Helps band members play in time with each other
No more rushing or dragging during your worship songs. Having a click track is going to make sure the songs are at the tempo that they're supposed to be.
Gives you the ability to use guide cues
Guide cues tell you what part of the song is coming up next. I love how guide cues give you the ability to just start a song without a drummer counting off with his or her sticks because it's counting off the song and into everybody's in-ear monitors,
Supplement the sound of your band
Backing tracks make the sounds of Hillsong, Bethel and Elevation Worship really accessible for us worship leader serving at smaller to mid size churches.
Sync lighting a lyric cues
Every Sunday at our church, we use Ableton Live to cue up all the lyric slides running in ProPresenter, and all of our lighting cues that are running in Lightkey, which is our DMX software. I'm a huge geek about Ableton Live and automating things, because it just makes things go so smoothly in worship. It eliminates so many mistakes.
In order to get up and running smoothly with a click and tracks, you need to make sure your band has in-ear monitoring. In-ear monitoring is important because you want your band members to hear the click and the guide cues in their ears. You can't send that signal through the floor wedges or else that will just sound really weird.
Now let's talk about the software and gear to make it possible to run a click and track for your worship band. A click and backing tracks rig consists of three parts.
Playing back all the audio files, whether it's the click, the guide cues, as well as ambient pads or other backing tracks you may buy.
Simply runs the software that is running the audio files (desktop, ipad, etc.).
Sends audio from play-back device to the front-of-house sound console. So it goes through the sound system, the main PA, as well as the in-ear monitors.
1. Ableton live
Ableton Live is my number one recommendation for software for running this and doing a whole lot of other cool things for your worship ministry. Of all the software options, Ableton is hands down the most powerful for running a click and tracks in worship. That's why bands like Hillsong, Elevation, Bethel, Jesus Culture, Red Rocks Worship, all use Ableton Live to run their tracks.
Ableton Live is the great route to go if you're super serious about running a click and tracks and automation, and it's a great route to go if you have the funds. I always recommend the standard version of $500 for worship leaders.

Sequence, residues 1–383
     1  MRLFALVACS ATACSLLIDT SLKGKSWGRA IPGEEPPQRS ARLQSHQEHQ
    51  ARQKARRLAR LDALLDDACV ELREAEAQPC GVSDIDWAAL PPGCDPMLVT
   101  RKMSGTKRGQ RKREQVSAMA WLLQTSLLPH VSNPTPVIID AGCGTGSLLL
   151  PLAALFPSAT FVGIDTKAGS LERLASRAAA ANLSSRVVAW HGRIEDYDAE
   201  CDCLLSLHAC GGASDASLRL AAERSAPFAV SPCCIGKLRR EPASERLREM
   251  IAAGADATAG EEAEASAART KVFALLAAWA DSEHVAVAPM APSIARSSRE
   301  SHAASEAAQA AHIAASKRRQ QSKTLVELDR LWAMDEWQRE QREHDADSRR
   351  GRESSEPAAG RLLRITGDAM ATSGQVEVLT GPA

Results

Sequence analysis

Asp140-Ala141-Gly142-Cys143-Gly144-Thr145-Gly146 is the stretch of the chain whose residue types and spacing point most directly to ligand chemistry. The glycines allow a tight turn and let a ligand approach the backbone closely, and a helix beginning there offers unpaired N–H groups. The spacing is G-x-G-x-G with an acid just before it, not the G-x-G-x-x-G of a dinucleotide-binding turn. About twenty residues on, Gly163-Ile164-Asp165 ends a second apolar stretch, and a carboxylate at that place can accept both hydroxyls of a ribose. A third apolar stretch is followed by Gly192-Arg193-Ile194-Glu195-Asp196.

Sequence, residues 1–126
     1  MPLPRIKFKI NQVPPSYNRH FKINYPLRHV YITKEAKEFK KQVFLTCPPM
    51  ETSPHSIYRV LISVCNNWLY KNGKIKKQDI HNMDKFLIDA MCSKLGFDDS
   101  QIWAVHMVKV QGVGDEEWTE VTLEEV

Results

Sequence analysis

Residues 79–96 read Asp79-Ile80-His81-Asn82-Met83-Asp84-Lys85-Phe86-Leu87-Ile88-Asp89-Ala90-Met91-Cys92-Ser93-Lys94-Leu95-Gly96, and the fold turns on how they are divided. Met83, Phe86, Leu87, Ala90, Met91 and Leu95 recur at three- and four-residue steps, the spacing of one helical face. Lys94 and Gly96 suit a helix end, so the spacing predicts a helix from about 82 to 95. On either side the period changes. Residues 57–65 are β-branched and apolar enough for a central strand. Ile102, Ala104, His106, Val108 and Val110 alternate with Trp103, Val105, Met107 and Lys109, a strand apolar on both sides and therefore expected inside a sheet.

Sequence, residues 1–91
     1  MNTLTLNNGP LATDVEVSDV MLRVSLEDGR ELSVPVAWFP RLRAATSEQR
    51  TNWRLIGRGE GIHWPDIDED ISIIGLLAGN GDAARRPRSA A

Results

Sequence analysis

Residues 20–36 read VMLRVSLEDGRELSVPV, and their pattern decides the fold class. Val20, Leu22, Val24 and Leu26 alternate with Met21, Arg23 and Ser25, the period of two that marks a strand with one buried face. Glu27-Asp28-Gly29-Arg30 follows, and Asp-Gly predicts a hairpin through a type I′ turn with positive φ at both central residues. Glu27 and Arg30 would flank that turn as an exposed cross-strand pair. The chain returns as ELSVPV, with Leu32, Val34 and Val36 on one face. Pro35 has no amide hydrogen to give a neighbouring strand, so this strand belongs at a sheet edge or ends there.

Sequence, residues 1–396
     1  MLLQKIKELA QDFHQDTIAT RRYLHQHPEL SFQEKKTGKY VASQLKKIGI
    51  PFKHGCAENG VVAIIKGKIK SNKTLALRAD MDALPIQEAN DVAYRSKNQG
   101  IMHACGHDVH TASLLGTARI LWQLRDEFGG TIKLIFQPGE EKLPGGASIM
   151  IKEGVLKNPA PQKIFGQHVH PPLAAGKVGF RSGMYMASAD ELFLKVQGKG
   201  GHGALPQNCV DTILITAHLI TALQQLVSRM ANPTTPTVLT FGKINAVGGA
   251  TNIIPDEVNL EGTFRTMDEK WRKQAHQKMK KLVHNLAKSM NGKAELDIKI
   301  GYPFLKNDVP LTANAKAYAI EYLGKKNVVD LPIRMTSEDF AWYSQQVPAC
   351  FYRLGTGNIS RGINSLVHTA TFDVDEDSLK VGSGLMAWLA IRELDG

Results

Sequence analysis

I actually created a 60 minute masterclass on it and I dive into a seven step process for running a click, tracks and automating lyrics and lighting in worship so that you can easily understand Ableton and its capabilities.
2. Prime app
My next recommendation for software is the Prime app created by the Loop Community. It’s an iOS-based software, so it runs on your iPhone, iPad and Mac operating system. It's completely free, and since it was designed specifically for this purpose of running a click and tracks in worship, the user interface is simple and super user friendly.
The other cool thing about the Loop Community Prime ecosystem is that you can have free Cloud storage to store all of your tracks in their Cloud. Whether you buy from Loop Community or somewhere else, they'll keep them stored in the Cloud. Then you open up the app on your phone or your iPad, and your purchases will show up right there in the app within your account.
3. The Playback app
My next recommendation is the Playback app created by the team at Multitracks. It’s very similar to Prime and very user friendly.
The downside is it only runs on iOS devices, so it doesn’t have a Mac version. But once again, this app is also very user friendly and intuitive.
Playback’s rental program
When you start getting tracks to use for worship, you discover that it can get really expensive really fast. Because if you buy full Multitrack stems, it can cost anywhere from $25 to $35 per song.
BUT Playback has a great rental program. You can pay 50-100 bucks a month to have access to however many unique songs you'll need for your worship team.
That was a ton of information so here’s a quick recap:
I recommend Ableton Live if you're really serious about this and you have at least one to two hours a week that you can spend on prepping your click and backing track sessions.
If you just want the quick and easy way to run a click and tracks, and you don't need that advanced control, then check out Prime or Playback. I recommend downloading both of them, giving both of them a try, and see which one of them you prefer.